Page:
New AtlanticistJan 3, 2022
Sudan’s democratic transition is over. Now it’s time to support the revolution.
By Cameron Hudson
The resignation of Sudanese Prime Minister Abdalla Hamdok offers new clarity: The United States should take a hard line against the military and back pro-democracy protesters.
Cameron Hudson is a nonresident senior fellow with the Atlantic Council’s Africa Center.
Previously, Cameron served as the senior strategic advisor at the United States Holocaust Memorial Museum and as the executive director of the Museum’s Simon-Skjodt Center for the Prevention of Genocide. During his tenure, Cameron established the Simon-Skjodt Center as the world’s premier research and policy institution dedicated to the study and prevention of genocide. Under his leadership, the Center launched The Early Warning Project, in partnership with Dartmouth College, a big-data portal to forecast the likelihood of new mass violence around the world that has helped drive and inform US government efforts to prevent and anticipate future mass atrocities. Cameron additionally lead the production of the Center’s Bearing Witness reports, field-based research reports of atrocity situations from Myanmar, Iraqi Kurdistan, and South Sudan, among others, which lead to official US Government declarations of genocide in several cases. In his time, he led groundbreaking initiatives examining policy responses to genocide in Srebrenica, Bosnia and Rwanda, obtaining the release of previously classified documents and first-hand accounts from policy makers from the era. Prior to that he served as the Center’s policy director where, among other projects, he directed a Task Force on the Responsibility to Project and authored a report on behalf of the co-Chairs Madeleine Albright and Richard Williamson. He has lectured on genocide prevention at the State Department’s Foreign Service Institute, Yale Law School, Harvard, Georgetown, George Washington, and Stanford University and is a frequent guest, commentator, and contributor for international media outlets including the New York Times, Washington Post, the Atlantic, the New Republic, NPR, Foreign Policy, and BBC.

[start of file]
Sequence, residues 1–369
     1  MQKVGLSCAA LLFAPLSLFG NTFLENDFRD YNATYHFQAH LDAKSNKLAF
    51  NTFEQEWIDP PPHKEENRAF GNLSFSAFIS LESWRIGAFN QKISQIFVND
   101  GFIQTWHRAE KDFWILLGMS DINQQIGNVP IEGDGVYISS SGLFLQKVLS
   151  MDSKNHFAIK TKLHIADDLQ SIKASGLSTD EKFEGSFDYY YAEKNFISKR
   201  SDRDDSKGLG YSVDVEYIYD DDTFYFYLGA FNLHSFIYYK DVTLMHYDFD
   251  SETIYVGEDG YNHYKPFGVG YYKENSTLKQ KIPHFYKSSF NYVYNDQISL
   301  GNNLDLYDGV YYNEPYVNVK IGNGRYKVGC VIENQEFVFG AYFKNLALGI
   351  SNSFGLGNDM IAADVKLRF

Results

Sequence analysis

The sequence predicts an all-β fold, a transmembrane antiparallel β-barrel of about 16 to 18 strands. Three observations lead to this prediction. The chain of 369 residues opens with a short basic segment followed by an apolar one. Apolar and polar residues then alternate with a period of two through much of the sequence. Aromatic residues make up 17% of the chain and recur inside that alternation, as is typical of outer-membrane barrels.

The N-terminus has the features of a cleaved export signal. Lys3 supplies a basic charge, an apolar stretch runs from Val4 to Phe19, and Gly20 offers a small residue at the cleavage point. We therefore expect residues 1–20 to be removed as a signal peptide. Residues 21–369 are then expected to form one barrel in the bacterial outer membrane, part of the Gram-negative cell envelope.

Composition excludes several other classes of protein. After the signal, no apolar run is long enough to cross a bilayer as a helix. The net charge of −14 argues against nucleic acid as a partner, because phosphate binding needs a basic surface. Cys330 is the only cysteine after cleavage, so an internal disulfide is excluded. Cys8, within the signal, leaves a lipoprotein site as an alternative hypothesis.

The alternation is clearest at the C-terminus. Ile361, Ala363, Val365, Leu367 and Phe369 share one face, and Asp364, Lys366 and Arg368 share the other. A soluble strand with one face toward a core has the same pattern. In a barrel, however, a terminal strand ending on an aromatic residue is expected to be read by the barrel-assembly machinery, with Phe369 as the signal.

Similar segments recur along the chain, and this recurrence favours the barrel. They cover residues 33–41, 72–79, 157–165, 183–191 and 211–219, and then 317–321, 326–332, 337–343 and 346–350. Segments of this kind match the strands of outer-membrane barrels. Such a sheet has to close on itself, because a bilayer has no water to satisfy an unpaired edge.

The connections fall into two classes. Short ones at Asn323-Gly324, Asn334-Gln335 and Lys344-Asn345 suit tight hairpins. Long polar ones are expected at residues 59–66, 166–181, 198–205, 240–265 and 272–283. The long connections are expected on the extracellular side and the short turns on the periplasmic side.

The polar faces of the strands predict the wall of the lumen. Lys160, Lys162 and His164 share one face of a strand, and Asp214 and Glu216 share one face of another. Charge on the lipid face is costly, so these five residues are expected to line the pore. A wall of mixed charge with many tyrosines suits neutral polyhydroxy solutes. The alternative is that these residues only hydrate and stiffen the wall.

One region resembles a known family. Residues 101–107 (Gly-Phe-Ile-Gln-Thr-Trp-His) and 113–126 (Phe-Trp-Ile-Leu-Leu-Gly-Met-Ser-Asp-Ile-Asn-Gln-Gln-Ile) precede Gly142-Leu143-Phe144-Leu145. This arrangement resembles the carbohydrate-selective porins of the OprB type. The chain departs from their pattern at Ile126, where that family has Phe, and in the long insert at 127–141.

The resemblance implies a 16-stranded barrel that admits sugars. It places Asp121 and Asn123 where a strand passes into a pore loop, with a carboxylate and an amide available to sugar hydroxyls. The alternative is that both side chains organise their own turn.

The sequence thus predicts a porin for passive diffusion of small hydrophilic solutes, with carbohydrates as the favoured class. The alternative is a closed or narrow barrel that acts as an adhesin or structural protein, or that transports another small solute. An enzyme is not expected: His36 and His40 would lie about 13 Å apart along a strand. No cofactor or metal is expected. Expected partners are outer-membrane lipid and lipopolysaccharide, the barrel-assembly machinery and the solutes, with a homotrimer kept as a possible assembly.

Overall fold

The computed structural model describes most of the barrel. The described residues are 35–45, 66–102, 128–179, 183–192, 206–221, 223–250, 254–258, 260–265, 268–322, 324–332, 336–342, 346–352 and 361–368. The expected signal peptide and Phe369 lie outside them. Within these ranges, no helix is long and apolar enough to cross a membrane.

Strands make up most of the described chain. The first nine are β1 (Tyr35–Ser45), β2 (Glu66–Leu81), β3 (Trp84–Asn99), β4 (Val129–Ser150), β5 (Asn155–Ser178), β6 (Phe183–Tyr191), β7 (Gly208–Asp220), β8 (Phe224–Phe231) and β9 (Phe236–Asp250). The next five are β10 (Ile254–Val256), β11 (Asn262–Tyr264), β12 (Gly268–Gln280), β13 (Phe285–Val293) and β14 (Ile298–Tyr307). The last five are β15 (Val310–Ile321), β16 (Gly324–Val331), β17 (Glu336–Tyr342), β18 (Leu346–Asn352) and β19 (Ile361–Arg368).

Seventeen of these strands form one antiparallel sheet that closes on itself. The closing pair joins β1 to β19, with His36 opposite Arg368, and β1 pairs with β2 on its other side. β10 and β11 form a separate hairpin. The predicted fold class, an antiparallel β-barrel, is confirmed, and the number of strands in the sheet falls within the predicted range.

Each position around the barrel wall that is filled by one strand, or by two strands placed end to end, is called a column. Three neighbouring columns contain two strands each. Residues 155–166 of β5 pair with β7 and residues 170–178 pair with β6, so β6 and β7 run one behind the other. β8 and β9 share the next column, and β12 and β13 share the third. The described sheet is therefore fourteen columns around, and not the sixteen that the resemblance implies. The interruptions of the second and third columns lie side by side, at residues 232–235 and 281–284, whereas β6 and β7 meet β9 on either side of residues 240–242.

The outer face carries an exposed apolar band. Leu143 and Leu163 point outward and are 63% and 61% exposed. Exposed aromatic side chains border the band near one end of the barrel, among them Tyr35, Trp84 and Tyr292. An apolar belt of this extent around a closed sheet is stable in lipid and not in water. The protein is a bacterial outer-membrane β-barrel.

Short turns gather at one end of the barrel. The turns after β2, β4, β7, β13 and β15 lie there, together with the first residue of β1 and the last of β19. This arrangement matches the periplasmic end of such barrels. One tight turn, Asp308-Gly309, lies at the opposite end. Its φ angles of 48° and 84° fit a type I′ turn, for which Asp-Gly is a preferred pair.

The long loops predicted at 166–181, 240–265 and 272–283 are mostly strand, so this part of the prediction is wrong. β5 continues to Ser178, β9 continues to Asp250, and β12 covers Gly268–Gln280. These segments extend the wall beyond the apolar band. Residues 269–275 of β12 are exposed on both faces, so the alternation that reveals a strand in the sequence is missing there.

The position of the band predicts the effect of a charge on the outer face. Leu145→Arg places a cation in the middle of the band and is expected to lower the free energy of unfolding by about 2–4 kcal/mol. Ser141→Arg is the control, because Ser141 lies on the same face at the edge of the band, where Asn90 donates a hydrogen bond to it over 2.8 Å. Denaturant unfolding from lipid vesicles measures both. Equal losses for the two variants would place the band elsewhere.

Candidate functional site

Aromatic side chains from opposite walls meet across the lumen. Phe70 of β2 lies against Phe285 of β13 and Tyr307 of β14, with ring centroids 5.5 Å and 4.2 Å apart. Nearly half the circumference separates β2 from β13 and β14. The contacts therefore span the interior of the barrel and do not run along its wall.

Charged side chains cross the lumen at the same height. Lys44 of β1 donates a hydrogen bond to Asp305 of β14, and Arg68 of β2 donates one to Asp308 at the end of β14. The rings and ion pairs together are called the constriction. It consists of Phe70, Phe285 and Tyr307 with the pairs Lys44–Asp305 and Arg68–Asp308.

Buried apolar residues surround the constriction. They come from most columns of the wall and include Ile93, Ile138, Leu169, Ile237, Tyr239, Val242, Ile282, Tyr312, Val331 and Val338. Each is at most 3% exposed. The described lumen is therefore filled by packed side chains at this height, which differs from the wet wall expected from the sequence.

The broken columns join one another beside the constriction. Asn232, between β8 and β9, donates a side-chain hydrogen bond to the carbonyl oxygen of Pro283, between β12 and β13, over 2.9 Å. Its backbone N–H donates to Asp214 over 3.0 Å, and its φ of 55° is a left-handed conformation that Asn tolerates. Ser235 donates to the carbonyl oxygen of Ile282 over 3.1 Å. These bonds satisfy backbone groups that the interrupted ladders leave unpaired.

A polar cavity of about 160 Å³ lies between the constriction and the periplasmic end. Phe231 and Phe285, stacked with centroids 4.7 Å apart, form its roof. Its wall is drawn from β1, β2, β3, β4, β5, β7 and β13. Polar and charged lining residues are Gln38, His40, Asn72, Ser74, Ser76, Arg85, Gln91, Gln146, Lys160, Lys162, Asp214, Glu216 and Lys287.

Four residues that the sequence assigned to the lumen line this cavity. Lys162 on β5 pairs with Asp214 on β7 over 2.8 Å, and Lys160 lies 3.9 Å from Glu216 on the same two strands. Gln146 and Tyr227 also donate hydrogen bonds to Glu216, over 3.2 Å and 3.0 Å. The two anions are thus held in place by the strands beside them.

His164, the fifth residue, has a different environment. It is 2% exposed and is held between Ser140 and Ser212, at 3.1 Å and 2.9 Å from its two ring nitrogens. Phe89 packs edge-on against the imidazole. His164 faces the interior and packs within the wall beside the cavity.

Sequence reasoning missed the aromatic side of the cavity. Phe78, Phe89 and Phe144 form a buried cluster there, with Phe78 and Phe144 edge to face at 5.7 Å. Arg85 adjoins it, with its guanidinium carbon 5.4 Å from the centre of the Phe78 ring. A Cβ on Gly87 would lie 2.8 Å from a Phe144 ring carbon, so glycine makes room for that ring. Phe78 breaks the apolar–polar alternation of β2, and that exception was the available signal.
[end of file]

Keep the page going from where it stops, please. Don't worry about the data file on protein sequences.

Cameron joined the Center after a career in government. From 2009-2011, Cameron served as the chief of staff to successive Presidential Special Envoys for Sudan during the period of South Sudan’s separation from Sudan. In this period, Cameron traveled monthly to the region in support of final efforts to ensure a peaceful conclusion to Sudan’s Comprehensive Peace Agreement. From 2005 to 2009, he served as the Director for African Affairs on the staff of the National Security Council at the White House, where he led interagency efforts to address the genocide in Darfur, implementation of Sudan’s North-South peace agreement, elections-related violence in Kenya, counter-terrorism efforts in Somalia, the eradication of the Lords Resistance Army in the Great Lakes, and violence targeting American oil workers in Nigeria’s Niger Delta, among many others.
Previously, he served as an economist and intelligence analyst in the Africa Directorate at the Central Intelligence Agency where he tracked trends in the hydrocarbons and agricultural sectors, as well as corruption and transparency. Prior to his government service, Cameron worked for the United Nations, the Organization for Security and Cooperation in Europe, and the International Organization on Migration on democracy and governance programming in the former Yugoslavia.
Cameron earned his B.A. in foreign affairs and French from the University of Virginia and his M.A. focused on development economics from the Fletcher School of Law and Diplomacy at Tufts University.